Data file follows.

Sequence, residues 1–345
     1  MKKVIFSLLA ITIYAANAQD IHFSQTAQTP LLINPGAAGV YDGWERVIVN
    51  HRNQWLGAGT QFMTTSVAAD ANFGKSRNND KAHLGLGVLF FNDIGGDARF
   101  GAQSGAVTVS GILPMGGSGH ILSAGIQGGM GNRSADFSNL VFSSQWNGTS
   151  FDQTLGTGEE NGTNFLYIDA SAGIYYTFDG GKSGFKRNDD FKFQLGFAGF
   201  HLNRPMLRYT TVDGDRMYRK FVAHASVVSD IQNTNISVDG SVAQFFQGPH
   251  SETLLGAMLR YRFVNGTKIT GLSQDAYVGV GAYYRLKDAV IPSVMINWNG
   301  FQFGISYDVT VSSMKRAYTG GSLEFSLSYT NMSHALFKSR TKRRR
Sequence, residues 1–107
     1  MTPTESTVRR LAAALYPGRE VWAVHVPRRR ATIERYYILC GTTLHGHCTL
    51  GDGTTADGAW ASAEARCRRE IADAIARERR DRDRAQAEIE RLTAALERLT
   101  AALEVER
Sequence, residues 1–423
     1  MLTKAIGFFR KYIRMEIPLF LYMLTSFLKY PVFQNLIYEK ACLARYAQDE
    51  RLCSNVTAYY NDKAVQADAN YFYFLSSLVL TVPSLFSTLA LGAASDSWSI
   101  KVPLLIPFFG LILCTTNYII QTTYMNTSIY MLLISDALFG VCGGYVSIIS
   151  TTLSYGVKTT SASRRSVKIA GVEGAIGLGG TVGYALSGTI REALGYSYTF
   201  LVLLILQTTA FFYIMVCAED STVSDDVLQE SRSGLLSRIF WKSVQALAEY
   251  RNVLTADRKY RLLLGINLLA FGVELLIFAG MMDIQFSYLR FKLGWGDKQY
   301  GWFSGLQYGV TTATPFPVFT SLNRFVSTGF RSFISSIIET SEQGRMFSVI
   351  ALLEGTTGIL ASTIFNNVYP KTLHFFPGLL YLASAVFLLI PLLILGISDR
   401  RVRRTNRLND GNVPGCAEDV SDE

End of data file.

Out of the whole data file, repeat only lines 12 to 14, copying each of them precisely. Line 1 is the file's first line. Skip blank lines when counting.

   101  AALEVER
Sequence, residues 1–423
     1  MLTKAIGFFR KYIRMEIPLF LYMLTSFLKY PVFQNLIYEK ACLARYAQDE